The Fusarium oxysporum fungus causes wilt in over 100 plant species including tomato, cotton, watermelon and banana, costing farmers billions of dollars in losses worldwide each year. The disease is difficult to control. Once the soil is infected, the fungus can remain viable for 30 or 40 years, and at present "there really is no way to control it," Ma says. By advancing understanding of the molecular mechanism of fungal pathogenesis, she hopes to increase ways to develop disease-resistant crops.
A four-year investment from RCUK's Global Challenges Research Fund is set to stimulate the bioeconomy by increasing knowledge of Colombia's greatest treasure: its biodiversity
Administrative scientist Professor Wolfgang Seibel from the University of Konstanz awarded a Reinhart Koselleck Project to carry out pioneering research into serious organizational failure.
Researchers at LSTM have been awarded £6.4 million from the Global Challenges Research Fund to strengthen the global capacity to control vector-borne diseases. Professor Hilary Ranson, Head of LSTM's Department of Vector Biology, will lead a team of experts working with leading research institutes and national disease control programs in three African countries with exceptionally high burdens of disease, to develop evidence based solutions for integrated vector control.
A team of Wayne State University researchers recently received a $1.9 million grant from the National Eye Institute of the National Institutes of Health to better understand leukodystrophies (LD) and genetic Leukoencephalopathies (gLE), rare genetic disorders affecting the white matter -- myelin -- in the central nervous system. Patients diagnosed with a leukodystrophy experience a gradual decline in development, including a progressive loss in gait, body tone, vision, hearing, swallowing and/or ability to eat.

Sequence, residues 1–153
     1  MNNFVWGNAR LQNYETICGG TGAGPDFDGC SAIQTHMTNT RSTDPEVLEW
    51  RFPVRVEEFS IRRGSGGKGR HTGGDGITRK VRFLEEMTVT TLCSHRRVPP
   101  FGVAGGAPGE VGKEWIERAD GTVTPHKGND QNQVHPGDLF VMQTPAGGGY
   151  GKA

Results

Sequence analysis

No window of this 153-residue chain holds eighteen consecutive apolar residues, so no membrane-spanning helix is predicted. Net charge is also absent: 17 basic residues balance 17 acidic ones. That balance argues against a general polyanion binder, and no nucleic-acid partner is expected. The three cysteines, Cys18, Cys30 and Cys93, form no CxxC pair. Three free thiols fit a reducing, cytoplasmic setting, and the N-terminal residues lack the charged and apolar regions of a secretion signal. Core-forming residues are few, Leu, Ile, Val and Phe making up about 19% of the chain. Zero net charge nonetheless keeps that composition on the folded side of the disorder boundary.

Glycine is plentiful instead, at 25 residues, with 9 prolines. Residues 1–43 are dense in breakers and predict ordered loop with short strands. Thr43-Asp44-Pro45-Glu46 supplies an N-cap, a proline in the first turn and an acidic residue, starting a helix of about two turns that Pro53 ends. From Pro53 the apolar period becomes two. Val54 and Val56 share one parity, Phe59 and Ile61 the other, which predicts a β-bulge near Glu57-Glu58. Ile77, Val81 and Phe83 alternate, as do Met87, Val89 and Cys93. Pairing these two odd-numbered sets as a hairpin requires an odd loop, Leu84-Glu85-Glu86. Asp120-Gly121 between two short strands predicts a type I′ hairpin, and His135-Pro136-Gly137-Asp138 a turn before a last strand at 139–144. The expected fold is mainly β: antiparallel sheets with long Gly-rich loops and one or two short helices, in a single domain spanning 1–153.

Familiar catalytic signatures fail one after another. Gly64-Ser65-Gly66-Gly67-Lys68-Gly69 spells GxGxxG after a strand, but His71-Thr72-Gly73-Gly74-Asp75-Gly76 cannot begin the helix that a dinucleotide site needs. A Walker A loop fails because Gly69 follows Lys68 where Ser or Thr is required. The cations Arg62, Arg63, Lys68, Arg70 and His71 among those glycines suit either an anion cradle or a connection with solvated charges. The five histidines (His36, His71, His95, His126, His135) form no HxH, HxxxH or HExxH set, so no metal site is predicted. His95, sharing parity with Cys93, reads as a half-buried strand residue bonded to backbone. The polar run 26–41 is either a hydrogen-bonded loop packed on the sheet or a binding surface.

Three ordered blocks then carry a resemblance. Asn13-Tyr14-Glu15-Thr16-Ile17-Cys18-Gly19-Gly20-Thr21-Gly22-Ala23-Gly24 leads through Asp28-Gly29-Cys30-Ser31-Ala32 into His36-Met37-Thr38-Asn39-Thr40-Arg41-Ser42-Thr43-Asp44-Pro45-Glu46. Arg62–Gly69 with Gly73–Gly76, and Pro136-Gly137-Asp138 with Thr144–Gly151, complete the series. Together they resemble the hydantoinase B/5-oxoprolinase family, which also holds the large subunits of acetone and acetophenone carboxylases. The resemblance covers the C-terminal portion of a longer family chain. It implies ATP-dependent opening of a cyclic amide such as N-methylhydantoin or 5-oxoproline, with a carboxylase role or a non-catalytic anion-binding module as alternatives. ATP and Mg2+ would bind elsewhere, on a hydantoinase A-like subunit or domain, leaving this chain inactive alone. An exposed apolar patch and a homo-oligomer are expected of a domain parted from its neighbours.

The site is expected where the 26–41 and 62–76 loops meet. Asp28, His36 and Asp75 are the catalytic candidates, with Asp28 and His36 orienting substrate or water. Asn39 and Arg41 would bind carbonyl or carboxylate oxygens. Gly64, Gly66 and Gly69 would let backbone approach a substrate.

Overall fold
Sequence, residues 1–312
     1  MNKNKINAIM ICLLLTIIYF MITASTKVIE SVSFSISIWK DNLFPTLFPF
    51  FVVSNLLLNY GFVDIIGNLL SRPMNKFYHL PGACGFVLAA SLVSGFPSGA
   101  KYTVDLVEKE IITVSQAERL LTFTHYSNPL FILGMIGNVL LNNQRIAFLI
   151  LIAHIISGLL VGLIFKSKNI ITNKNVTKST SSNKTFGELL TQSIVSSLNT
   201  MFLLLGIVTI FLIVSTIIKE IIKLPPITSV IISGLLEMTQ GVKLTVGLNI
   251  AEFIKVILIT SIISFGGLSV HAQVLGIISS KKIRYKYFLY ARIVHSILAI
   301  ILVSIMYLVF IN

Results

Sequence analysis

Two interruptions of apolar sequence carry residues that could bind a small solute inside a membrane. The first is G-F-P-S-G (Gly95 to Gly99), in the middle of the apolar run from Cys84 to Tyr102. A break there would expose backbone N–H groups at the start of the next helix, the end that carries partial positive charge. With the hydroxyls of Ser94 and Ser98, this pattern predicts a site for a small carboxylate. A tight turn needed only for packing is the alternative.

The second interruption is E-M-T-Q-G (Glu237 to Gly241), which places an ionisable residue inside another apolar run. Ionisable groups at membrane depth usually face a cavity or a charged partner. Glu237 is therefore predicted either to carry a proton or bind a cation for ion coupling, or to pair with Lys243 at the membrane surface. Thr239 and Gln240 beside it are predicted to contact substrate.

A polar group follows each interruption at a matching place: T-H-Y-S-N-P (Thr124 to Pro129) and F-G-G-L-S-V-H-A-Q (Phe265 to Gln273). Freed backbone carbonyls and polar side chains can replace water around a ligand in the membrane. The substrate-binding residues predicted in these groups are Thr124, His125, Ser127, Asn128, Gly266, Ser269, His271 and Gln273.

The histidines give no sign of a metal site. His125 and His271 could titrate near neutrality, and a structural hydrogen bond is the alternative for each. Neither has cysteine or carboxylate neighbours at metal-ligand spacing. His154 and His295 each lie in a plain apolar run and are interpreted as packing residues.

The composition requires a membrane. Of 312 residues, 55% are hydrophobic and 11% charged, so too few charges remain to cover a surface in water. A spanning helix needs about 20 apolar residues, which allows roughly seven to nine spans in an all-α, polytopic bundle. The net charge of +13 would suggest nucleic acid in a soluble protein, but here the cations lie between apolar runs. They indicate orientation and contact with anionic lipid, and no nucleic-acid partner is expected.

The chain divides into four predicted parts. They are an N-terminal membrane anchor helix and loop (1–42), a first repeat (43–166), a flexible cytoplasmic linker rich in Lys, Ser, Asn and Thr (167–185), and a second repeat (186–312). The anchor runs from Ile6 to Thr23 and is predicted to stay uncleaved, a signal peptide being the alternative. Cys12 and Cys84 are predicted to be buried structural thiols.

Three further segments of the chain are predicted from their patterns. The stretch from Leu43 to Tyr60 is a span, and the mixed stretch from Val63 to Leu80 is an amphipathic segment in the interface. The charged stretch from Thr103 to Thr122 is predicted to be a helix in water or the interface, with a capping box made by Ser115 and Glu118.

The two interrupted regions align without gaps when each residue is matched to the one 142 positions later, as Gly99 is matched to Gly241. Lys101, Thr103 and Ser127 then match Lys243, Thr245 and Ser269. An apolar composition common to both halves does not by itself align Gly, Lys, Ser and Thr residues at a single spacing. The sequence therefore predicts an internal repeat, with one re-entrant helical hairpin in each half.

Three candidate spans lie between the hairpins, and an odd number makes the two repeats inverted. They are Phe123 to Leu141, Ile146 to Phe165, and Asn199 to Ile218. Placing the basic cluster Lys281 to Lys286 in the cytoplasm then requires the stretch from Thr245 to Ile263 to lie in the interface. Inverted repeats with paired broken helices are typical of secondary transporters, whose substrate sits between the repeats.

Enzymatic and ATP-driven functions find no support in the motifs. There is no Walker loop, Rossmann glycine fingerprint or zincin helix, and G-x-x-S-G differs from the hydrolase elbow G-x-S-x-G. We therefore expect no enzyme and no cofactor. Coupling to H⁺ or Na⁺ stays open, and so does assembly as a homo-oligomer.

The USDepartment of Agriculture's (USDA) National Institute of Food and Agriculture (NIFA) today announced 34 grants totaling $15.1 million for research on agricultural systems and production of biomaterials and fuels, socioeconomic implications and public policy challenges of bioenergy and bioproducts market development and expansion, understanding nutrient cycling in agricultural systems, and the management of agricultural ecosystems. The grants are funded through NIFA's Agriculture and Food Research Initiative (AFRI), authorized by the 2014 Farm Bill.
The US Department of Agriculture's (USDA) National Institute of Food and Agriculture (NIFA) today announced 13 grants totaling $4.6 million for research on the next generation of agricultural technologies and systems to meet the growing demand for food, fuel, and fiber. The grants are funded through NIFA's Agriculture and Food Research Initiative (AFRI), authorized by the 2014 Farm Bill.
The Independent Citizens Oversight Committee of the California Institute for Regenerative Medicine (CIRM) today unanimously approved a $5.8 million award to University of California San Diego School of Medicine researchers to develop a new immunotherapy in which patients' cells would be equipped with a special receptor that recognizes and targets cancer stem cells, whose survival abilities often render standard therapies ineffective or short-term.
Rice and University of Houston scientists win federal backing to learn how large colonies of cells communicate with each other and coordinate their activities. The work could lead to synthetic colonies that can help cure or manage diseases, among other tasks.
Researchers use gene editing to control disease-causing mosquitoes, thanks to a multimillion-dollar DARPA contract.